It Goes to Eleven Fastball, Matt Anderson
Four years ago, the world (Detroit) was rocked with the emergence of this 6-4 flamethrower. During his one inning of work in games, it was rare for Anderson not to hit triple digits on the radar gun. And then the injuriesŠ
In 2000, he pitched 74.1 innings. The three seasons that followed showed Anderson to have the durability of Glass Joe in Mike Tyson’s Punch Out, with yearly inning totals of 56, 11, and 23. That isn’t a good trend. Good thing that Anderson has been working on adding a little something to his fastball this off-season.
Instead of throwing 98-100 mph per pitch, as he was doing in 2000, Anderson has found a way to hit up to 170 mph with his new heater.
The physics are still being worked out, doctors are mystified, but it has something to do with the dislocation and relocation of his shoulder between pitches. Every batter he has faced so far has wept openly. The three bats (out of hundreds) that actually did make contact became kindling to be used by the Campfire Girls. Literally. The bats caught on fire. Even the metal one.
I’d say be on the lookout for Anderson as a potential sleeper, especially with this new pitch that he uses if he needs that extra push over the cliff.
Expert analysis: Go ahead and pick him up off waivers, but be careful of injuries to his shoulder due to the risky dislocation/relocation procedure. Drop him if his velocity falls below 130 mph.
Super Crazy Two-Handed Tomahawk Whamball, Billy Koch
Another fireball closer who suffered last year was Mr. Koch. After his incredible three-year run of 33, 36, and 44 saves, Koch lost about 10 mph on his fastball and got an Alan Embree-esque 11 saves, placing him in that Mediocre Pitcher Hanging Out in the Bullpen category. To get out of the MPHOB, Koch has spent the off-season looking to regain that lost velocity. He has found it.
The windup may be unorthodox, but once Koch squares his body to the plate and clasps the ball with both hands over his head like an soccer player in-bounding a ball, batters duck and cover.
What comes next is reminiscent of a colorful Japanimation warrior jumping backwards in the air while hurtling a glowing object of death towards a much larger metallic-laced foe because of his plan to blow up Hong Kong. Koch has even picked up a few select curse words from Japanese import Shingo “Mr. Zero” Takatsu to make his delivery more threatening and authentic.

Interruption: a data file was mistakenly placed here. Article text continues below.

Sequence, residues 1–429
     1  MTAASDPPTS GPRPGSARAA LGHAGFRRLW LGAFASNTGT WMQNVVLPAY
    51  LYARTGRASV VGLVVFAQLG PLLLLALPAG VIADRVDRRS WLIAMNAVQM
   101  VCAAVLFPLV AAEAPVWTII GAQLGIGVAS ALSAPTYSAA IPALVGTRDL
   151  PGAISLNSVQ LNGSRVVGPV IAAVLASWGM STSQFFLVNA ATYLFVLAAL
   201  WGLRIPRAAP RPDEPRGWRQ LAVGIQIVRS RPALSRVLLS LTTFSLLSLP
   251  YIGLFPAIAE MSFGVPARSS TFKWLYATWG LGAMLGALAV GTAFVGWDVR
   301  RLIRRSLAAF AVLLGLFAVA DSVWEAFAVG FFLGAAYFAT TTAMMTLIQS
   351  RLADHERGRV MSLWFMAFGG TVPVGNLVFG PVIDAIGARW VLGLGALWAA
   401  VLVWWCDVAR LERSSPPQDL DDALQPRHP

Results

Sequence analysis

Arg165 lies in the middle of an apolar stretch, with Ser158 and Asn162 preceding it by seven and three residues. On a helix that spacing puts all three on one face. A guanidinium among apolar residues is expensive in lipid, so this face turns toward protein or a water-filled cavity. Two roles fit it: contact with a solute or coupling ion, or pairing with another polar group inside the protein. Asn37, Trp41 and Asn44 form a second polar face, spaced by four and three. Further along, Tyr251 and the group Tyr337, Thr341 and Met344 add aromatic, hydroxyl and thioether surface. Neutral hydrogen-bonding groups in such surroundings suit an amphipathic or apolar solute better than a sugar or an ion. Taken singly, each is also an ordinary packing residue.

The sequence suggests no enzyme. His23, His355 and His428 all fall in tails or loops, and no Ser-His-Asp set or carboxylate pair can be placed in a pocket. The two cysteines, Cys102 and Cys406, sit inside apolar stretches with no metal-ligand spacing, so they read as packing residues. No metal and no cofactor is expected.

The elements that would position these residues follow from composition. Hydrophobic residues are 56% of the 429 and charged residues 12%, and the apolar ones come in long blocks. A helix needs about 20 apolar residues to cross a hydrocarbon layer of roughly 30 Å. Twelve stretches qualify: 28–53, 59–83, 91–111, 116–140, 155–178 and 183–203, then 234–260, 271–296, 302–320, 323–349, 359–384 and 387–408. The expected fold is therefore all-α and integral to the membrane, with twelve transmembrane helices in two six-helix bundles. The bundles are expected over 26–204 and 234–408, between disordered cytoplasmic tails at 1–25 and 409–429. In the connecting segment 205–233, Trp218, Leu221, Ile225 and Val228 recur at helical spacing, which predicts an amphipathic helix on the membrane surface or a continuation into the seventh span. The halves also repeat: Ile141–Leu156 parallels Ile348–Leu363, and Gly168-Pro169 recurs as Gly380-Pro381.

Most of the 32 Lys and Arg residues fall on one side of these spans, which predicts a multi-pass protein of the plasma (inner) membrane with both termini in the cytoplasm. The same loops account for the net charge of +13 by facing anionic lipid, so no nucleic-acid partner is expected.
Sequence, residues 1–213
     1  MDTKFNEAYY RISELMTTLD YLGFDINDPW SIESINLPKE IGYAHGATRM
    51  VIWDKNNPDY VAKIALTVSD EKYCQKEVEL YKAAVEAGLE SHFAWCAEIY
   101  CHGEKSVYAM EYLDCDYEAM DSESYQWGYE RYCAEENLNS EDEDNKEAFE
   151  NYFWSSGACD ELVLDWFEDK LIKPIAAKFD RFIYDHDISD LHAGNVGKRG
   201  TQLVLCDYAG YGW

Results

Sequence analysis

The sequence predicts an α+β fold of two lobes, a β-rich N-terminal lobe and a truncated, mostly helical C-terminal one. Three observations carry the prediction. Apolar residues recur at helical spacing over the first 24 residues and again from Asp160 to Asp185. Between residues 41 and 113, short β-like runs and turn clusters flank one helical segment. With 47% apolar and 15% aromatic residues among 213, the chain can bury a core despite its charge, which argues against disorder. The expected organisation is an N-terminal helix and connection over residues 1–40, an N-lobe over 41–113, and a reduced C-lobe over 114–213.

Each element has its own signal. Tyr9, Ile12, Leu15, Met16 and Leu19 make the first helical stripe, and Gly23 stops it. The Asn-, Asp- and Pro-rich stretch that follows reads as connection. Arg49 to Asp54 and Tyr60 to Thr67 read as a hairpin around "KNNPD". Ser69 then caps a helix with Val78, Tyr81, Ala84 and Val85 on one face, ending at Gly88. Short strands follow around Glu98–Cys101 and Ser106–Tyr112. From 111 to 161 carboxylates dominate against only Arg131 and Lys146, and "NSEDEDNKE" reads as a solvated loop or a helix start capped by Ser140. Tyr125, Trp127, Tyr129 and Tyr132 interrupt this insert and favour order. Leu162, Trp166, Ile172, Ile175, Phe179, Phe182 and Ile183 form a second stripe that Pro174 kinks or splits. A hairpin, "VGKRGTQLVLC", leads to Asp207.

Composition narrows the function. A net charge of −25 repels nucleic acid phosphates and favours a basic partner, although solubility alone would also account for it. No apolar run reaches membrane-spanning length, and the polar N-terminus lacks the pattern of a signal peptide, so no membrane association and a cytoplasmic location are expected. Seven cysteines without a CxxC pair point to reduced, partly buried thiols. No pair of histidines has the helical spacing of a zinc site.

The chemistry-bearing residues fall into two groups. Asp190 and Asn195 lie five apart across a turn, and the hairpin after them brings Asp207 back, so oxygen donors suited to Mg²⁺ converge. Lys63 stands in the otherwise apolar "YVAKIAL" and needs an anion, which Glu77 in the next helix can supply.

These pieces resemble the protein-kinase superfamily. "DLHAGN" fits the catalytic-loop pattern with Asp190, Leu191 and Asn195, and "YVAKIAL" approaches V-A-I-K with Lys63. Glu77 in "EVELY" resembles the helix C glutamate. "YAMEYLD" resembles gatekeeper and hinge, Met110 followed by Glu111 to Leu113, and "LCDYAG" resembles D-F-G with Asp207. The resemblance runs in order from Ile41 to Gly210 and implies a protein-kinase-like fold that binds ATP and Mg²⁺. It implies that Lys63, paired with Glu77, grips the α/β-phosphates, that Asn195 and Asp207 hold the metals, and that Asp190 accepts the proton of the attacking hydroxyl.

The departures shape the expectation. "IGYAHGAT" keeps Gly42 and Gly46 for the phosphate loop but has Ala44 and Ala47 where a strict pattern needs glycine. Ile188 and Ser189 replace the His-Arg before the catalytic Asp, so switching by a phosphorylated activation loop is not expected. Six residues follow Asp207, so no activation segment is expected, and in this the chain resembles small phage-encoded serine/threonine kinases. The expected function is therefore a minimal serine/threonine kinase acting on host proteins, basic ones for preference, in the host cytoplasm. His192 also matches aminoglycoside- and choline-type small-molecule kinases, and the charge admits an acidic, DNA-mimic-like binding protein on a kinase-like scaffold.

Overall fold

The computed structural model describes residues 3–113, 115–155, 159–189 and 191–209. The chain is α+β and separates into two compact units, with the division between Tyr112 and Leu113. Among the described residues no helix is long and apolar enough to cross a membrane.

Expert analysis: The new pitch might help him with some save opportunities, until the hitters have caught on to his tripped out delivery. Like Joses Hernandez and Mesa, Koch is no longer to be taken seriously. He might be worth a late round pick or waiver pickup, seeing that the White Sox play in a division the Golden Girls could contend in.
Rolling the Ball Back and Forth, Ryan Dempster
Following Tommy John surgery, Dempster will miss most, if not all, of the 2004 season. He has been bored in his hospital bed.
Expert Analysis: Don’t be suckered into looking at those 2003 stats, expecting a huge breakout year in 2004. He will not be playing in 2004. Don’t be stupid. Seriously.
Learning How to Pitch, Jose Canseco
In a last-ditch effort to revitalize his career, Every Young Lady’s Dream Man has undergone a transformation from Bash Brother to Hilarious Hurler in a single leap. Alright, maybe it was three or four leaps. More like jumps, however. Hops. Maybe long, quick steps.
Jose, trying to bring his lifetime ERA down from a robust 27.00 (three walks, two hits, and three earned runs in one inning of work in 1993), has been throwing at a mock batting box made of white chalk on the side of his enormous brick garage.
As soon as Canseco’s house arrest expires in 2010, he’ll try his record sixteenth comeback in a Major League uniform … and this one has the sweet stink of uber-hilarity.
Expert analysis: If Canseco is available to be picked up in your league, and you have an extra spot, do not hesitate to invite him onto your franchise. Your opponents will sit down at their computers, see the move, and start to giggle uncontrollably. If luck is on your side, they will have just started drinking a beverage. The bellowing laughter will cause them to spit all over the keyboard (hopefully unguarded by plastic), shorting out all circuitry and sending their virtual franchises into general disarray. You will win by default.
Down Periscope Riser, Byung-Hyun Kim
Kim’s first step was strengthening his knuckles. He spent eight hours a day punching a concrete floor. This wasn’t Yum-Yum’s punishment for his well documented World Series lapses or anger at A-Rod’s shenanigans, it was simply preparation for his new pitch.
The pitch, in his usual, awkward sidearm delivery, actually dips below the surface of the Earth, disappearing in a cloud of dust. The ball reappears a foot away from the plate, traveling at about 30 mph and curving dramatically. Virtually unhittable.
Expert analysis: There’s a lot of sleeper potential here, considering he is playing behind the Cialis-enhanced lineup of the Red Sox. If he nails down a rotation spot, watch his strikeout numbers explode and watch your diapers upgrade from fluffy to fluffy and gold-plated.